For instance, let’s say that we want to pause all transfers on our token – usually this is a good thing to do if a crowdsale is ongoing. In that case, all we need to do is click on the Pause icon button across the “paused” variable of the token contract table and then confirm the MetaMask transaction:
As you can see, the token contract’s state is now “Updating…” and will remain so until the contract method call transaction is confirmed by the Ethereum network. Once it is, the token contract table will be updated and we can then see that transfers on our token are no longer allowed:
Another thing you can notice is that, the Pause icon button has become disabled while the Resume icon button is now available. So, whenever we want to allow transfers on our token, we can simply click the Unpause Transfers icon button and then confirm the MetaMask transaction.
As we already mentioned, there are three types of actions that can be performed via the TokenGen smart contract management interface. The example from above does not require any input provided by the user but there are those who required that. Let’s go through an example.
We will change the “conversionRate” variable of the fundraiser. Naturally, we will need to provide the new conversion rate. In order to receive that input, TokenGen will display a dialog window where the user can provide the necessary info:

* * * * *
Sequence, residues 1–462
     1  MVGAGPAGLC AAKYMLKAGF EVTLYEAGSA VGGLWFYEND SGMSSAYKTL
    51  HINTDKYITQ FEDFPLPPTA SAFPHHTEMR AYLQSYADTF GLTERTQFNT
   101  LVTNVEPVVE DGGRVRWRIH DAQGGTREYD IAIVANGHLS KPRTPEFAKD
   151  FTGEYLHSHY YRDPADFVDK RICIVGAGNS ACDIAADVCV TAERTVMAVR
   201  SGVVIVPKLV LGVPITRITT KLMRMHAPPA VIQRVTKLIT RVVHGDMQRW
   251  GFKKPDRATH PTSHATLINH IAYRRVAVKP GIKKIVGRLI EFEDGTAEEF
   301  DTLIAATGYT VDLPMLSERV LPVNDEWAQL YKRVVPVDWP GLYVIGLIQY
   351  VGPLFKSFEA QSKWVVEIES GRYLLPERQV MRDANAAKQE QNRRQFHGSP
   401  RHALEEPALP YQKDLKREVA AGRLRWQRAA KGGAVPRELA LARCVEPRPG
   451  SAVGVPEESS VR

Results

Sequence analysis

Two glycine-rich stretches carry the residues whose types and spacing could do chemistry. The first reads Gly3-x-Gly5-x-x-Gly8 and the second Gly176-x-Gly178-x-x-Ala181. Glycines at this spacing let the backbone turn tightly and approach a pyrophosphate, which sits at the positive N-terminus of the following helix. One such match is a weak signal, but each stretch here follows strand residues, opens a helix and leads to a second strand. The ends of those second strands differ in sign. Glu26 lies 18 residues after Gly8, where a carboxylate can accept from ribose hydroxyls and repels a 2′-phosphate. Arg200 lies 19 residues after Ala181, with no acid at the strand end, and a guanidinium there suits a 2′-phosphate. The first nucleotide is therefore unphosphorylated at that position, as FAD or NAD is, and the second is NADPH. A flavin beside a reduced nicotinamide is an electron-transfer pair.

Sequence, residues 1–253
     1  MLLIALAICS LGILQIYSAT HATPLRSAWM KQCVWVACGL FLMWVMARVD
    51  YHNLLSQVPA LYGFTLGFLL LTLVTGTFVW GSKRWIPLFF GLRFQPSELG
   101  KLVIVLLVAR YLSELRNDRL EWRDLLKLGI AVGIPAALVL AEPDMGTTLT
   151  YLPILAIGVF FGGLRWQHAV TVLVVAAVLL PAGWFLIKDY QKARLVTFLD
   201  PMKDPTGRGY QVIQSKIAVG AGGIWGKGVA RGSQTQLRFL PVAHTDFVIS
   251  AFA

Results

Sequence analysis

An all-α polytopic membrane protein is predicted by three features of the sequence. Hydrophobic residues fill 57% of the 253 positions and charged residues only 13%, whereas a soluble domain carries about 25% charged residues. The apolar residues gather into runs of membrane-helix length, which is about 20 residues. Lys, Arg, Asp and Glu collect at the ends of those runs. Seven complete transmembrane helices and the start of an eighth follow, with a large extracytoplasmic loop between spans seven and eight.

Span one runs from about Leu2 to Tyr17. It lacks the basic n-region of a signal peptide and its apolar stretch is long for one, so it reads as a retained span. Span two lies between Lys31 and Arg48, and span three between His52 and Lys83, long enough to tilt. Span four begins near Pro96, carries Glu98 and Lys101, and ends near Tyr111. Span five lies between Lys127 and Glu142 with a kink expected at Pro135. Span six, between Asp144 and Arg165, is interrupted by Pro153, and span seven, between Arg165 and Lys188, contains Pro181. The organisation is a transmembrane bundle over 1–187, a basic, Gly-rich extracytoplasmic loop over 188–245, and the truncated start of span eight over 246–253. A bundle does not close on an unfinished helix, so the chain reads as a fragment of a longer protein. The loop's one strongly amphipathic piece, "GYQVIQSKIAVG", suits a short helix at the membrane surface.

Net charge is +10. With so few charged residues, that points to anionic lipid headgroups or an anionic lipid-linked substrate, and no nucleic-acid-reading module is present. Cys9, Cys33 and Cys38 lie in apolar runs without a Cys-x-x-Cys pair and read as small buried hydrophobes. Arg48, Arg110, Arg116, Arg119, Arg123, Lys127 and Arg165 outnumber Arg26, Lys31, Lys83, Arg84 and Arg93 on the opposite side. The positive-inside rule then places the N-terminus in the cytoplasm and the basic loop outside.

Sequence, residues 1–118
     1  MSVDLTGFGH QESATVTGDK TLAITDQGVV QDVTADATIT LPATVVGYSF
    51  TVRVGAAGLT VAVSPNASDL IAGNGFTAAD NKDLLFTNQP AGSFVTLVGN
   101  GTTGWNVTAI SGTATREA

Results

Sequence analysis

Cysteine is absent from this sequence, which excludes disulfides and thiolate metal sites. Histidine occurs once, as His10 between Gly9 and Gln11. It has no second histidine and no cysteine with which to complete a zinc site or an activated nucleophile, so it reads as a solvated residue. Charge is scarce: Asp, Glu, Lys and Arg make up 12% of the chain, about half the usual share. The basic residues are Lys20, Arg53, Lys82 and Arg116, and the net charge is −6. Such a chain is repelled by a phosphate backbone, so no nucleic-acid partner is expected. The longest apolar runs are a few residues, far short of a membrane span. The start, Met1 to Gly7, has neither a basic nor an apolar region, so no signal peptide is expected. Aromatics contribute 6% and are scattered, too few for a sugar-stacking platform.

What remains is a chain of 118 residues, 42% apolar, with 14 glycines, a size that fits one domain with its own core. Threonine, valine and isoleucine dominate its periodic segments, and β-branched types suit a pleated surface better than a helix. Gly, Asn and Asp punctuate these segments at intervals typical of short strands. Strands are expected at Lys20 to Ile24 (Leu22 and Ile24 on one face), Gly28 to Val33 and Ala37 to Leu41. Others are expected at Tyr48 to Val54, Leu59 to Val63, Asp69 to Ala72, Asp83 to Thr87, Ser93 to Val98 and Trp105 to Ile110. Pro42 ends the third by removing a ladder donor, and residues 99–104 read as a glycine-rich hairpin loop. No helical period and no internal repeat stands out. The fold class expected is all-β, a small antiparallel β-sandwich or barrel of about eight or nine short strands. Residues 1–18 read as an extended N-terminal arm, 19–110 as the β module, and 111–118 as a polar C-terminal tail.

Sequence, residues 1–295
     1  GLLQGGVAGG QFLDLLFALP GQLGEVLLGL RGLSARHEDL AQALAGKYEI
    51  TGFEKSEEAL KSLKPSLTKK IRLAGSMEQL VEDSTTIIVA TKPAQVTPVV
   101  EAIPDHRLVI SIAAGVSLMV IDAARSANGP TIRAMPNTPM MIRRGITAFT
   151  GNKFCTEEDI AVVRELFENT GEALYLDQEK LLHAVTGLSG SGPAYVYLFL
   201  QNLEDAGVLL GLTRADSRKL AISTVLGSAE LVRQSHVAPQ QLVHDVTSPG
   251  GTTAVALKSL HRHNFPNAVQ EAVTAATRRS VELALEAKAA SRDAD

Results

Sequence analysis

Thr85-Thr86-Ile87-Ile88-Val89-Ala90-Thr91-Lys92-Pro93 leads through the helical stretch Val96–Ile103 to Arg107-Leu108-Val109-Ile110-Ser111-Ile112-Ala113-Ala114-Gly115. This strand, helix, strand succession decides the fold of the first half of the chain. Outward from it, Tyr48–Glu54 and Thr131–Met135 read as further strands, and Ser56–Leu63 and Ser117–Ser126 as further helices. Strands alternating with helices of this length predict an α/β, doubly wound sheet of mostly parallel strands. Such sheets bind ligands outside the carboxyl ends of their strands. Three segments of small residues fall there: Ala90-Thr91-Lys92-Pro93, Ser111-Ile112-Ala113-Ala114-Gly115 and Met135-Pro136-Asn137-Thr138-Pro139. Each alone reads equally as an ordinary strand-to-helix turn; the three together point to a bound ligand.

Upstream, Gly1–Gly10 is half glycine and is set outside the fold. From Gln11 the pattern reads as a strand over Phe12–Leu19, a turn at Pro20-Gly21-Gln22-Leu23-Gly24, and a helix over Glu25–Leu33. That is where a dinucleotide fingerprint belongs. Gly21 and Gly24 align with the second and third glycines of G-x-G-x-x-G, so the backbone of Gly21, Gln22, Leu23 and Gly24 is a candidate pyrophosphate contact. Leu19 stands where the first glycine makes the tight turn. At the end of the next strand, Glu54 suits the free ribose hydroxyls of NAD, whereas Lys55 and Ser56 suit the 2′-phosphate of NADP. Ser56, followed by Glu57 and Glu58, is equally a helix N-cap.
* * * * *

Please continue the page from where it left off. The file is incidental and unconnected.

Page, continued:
If you have noticed, the current fundraiser conversion rate is set to 10. Let’s change it to 20. We just enter 20 in the New Conversion Rate field and then click the Submit button. We confirm the generated MetaMask transaction and wait for the fundraiser contract to be updated:
And there you have it – the fundraiser conversion rate is now set to 20. One thing that is important to note here is that, it is not recommended to perform actions on a contract that is in a state of “Updating…”. It is a best practice to wait for it to go into a state of Ready before calling another action on it.
Now, we have shown examples of two of the three types of actions that can be performed, so let’s show one example of the last type – reading the state of the deployed smart contract. The simplest example of such an action is checking the token balance of a certain address. To that end, we use the Check Address Balance icon button across the “totalSupply” token contract variable.
Naturally, this action requires an input from the user (the address to check):
Once we enter the address, we click the Submit button and wait for the response from the Ethereum network:
That is pretty much all there is to the TokenGen smart contract management interface. We have tried to make it as intuitive and user-friendly as possible and it sure as hell beats the alternative way of interaction that includes MEW and several other complications.
Hopefully, you now see just how easy it is to deploy and manage your smart contracts using TokenGen, especially when compared to the previous way that included MyEtherWallet, manually providing the ABI for each contract, opening several tabs, among many other inconveniences. Fortunately, TokenGen users no longer need to deal with all of that and it is all thanks to the smart contract management interface.